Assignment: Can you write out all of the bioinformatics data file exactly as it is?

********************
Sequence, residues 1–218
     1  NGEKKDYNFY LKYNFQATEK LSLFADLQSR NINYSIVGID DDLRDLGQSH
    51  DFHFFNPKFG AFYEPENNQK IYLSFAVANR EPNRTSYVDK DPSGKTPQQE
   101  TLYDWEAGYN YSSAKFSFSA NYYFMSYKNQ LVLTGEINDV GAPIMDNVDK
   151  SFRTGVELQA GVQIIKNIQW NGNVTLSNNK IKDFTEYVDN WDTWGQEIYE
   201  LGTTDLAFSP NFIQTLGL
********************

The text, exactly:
Sequence, residues 1–218
     1  NGEKKDYNFY LKYNFQATEK LSLFADLQSR NINYSIVGID DDLRDLGQSH
    51  DFHFFNPKFG AFYEPENNQK IYLSFAVANR EPNRTSYVDK DPSGKTPQQE
   101  TLYDWEAGYN YSSAKFSFSA NYYFMSYKNQ LVLTGEINDV GAPIMDNVDK
   151  SFRTGVELQA GVQIIKNIQW NGNVTLSNNK IKDFTEYVDN WDTWGQEIYE
   201  LGTTDLAFSP NFIQTLGL